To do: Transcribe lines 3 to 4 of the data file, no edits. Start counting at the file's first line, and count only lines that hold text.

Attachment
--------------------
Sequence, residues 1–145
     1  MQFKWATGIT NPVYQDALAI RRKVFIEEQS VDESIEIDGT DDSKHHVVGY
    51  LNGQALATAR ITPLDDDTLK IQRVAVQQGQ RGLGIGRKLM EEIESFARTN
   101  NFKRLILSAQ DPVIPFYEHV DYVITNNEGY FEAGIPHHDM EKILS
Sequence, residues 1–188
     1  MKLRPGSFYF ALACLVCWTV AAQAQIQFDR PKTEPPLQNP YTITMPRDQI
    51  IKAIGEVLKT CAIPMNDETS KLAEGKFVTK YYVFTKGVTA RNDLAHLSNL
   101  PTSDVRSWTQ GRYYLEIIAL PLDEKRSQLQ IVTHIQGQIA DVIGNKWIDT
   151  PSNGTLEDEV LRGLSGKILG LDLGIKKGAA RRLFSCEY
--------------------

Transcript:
    51  LNGQALATAR ITPLDDDTLK IQRVAVQQGQ RGLGIGRKLM EEIESFARTN
   101  NFKRLILSAQ DPVIPFYEHV DYVITNNEGY FEAGIPHHDM EKILS